In a sea of e mails each day comes several with a red exclamation mark screaming “READ ME.” As my cursor hovers, I am painfully aware that somewhere in Georgia, a child is counting on us. The Universal Application for placement that introduces a child is the first step in securing a temporary place for the healing to begin. A quick read tells me the child is a female and the average age is 14. Many things have gone wrong and the end result is the child is no longer living at home.
I locate the phone number and reach out to the case manager who has often been in the office all night. Sitting a few feet away is a child who sits emotionless as the story is told over and over again hoping that this placement might “be the one.” Aware of the proximity of the youth at the time of the call, I ask if we can make a quick introduction and see if we can help.
My co-worker enters the room and pulls up a chair to see what services she’ll need. We run through a quick line of questions assessing safety, risk, benefit, and ability to meet the needs of another before asking the child “what questions do you have of us? The first question is typically “can I have a cell phone” followed by “what is it like there?”
Within minutes three strangers, one child and two adults, talk through the most intimate and private moments of life that has resulted in the need for immediate placement. The tone of the voice is a combination of anger, grief, defeat, and sadness toned with a hint of necessity, hope, and expectation that the journey to return home will be short.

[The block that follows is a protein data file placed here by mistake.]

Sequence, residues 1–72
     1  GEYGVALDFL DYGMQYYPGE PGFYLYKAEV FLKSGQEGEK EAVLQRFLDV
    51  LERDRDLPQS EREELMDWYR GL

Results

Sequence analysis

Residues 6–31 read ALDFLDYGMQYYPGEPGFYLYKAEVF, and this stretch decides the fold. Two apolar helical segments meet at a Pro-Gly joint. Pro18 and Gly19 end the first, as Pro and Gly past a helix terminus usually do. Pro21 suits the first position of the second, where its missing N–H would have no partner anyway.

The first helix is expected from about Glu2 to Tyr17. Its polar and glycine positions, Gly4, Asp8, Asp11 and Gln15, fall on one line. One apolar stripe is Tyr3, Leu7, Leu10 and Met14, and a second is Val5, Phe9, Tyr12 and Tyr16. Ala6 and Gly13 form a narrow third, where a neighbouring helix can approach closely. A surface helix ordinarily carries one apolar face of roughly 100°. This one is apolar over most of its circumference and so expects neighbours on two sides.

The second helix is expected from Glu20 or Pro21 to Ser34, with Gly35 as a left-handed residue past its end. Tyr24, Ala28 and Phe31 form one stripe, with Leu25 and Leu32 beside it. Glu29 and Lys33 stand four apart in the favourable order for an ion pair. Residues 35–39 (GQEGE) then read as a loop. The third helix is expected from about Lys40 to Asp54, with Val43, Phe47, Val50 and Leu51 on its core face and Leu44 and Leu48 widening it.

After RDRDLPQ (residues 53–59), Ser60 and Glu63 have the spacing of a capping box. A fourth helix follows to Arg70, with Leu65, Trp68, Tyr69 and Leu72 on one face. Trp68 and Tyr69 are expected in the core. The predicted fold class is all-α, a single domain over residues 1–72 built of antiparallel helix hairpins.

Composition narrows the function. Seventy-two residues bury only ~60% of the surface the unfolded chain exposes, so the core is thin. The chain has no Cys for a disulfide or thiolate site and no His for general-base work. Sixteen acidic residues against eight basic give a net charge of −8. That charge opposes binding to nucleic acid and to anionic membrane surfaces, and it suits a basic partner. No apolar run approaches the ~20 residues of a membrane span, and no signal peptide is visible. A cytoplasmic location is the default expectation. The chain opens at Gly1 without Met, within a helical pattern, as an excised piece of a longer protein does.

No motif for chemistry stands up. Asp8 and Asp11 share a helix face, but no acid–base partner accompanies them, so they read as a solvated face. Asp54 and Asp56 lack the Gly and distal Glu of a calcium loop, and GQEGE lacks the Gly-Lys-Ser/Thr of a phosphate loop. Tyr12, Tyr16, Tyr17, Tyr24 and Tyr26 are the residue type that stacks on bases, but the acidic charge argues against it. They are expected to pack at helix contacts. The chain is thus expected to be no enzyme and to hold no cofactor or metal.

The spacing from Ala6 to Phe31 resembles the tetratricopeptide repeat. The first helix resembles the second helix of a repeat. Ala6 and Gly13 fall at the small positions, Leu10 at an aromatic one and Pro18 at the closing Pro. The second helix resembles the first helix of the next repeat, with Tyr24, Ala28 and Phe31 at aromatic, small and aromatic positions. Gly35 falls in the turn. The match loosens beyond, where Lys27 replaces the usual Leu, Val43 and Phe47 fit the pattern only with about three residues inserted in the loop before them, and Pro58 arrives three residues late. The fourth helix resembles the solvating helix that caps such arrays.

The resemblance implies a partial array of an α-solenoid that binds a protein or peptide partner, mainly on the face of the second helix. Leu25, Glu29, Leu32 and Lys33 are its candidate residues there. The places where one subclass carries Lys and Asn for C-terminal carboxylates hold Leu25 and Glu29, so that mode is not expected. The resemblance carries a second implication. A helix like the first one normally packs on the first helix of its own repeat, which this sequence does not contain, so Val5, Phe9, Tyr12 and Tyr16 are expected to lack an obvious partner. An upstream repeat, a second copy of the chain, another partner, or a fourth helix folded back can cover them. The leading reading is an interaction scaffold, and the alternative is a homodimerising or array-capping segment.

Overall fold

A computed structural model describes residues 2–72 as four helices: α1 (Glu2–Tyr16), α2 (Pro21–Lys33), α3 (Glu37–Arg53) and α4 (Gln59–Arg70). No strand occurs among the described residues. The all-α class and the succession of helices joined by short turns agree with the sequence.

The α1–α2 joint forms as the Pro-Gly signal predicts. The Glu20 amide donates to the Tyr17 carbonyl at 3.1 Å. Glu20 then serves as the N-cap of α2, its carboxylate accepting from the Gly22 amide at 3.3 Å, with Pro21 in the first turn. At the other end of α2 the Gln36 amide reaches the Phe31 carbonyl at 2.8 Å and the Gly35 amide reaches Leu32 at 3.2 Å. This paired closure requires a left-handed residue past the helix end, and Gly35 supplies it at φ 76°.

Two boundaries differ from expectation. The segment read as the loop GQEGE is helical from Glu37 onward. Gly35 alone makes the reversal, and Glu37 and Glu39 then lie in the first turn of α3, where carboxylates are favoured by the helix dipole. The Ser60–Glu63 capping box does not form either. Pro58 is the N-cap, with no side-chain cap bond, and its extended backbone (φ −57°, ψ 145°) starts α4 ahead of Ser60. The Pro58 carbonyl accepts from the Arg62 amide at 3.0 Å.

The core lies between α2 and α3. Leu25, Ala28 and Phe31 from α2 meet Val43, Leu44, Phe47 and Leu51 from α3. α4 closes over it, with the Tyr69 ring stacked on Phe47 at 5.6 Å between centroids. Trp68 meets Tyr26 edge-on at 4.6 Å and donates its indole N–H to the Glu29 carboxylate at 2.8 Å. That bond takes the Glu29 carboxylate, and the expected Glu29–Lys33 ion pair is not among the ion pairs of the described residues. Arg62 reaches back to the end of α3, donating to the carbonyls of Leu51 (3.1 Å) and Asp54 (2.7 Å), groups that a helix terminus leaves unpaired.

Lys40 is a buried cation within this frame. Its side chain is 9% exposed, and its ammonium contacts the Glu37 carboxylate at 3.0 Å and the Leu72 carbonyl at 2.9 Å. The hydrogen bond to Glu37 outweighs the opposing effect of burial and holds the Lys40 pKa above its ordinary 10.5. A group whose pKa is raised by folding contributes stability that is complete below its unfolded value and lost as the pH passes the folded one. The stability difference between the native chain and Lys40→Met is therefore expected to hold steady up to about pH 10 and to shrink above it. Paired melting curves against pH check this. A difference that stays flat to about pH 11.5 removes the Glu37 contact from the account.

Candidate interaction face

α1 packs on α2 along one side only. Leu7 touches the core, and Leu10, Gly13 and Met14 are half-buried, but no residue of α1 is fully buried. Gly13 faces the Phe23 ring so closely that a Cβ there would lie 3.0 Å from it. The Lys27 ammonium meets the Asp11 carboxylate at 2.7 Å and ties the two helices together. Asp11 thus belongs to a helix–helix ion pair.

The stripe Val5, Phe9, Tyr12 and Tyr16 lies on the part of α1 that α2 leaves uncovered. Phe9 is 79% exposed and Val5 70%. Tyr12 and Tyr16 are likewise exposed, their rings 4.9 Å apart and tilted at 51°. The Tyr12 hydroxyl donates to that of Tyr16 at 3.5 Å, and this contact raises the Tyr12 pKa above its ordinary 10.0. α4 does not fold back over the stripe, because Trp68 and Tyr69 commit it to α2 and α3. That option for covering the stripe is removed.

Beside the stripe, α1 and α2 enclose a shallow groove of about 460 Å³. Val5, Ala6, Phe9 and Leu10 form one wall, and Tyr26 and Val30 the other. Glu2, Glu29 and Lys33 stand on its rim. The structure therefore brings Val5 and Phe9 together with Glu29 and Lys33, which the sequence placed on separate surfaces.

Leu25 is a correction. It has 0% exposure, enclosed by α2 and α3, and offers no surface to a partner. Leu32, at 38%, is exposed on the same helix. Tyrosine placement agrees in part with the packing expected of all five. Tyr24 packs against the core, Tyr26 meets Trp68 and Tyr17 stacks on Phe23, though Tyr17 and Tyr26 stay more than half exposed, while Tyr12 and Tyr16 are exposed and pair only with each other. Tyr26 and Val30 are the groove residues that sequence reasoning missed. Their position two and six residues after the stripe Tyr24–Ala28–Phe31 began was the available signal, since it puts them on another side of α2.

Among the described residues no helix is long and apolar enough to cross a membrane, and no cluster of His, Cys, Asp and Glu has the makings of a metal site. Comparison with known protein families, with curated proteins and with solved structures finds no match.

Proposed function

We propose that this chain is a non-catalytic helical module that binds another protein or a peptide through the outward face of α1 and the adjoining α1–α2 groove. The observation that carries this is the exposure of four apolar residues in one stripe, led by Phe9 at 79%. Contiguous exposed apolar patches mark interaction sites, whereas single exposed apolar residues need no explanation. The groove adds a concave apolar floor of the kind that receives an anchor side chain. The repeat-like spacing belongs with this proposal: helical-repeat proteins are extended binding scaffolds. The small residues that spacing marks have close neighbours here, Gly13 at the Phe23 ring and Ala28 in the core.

Within minutes the call ends and the case manager gathers the child and any belongings they have to meet the rest of our family. As the car drives through the gate, children who have once been referred to as “the new girl” race out to see if it’s someone they might know. Brief introductions are made and the conversation turns to more practical matters such as “what room is she going in?” The once strained voice is now the face of a stranger who has placed all of her faith in the place she will call home for a while.
The girls come together as if they’ve lived in the home for generations to tell the stories of those who have come and gone. Within the hour, the “new girl” has made a temporary sisterhood with a place she once never knew. As we leave campus we look back to see the girls gathered in the gazebo swapping stories and getting to know one another.
Tomorrow is a new day. Once again, the ritual of reading e mails, clicking the screaming red paperclip, and having a conversation will begin all over again. The girls who will meet the car tomorrow will include “the new girl” of today. She will recite the rules of the home as if she too has lived there for generations. Our work is a gift. We never know who we will meet when we click the red paperclip. At the end of the day, the paperclip is someone’s child. It is a person who did not ask to be put in the situation they have been given. They may be angry, disrespectful, non-compliant or many other things when we meet. With love, care, support, and encouragement the “new girl” ritual becomes a part of the sisterhood story telling of the “those who have come and gone.”
In closing, I challenge you with this. Every time you see a “red paper clip” remind yourself that on any given day over 14,000 children in Georgia are waiting on someone to click on it. Get involved. Visit our website to see how you can help.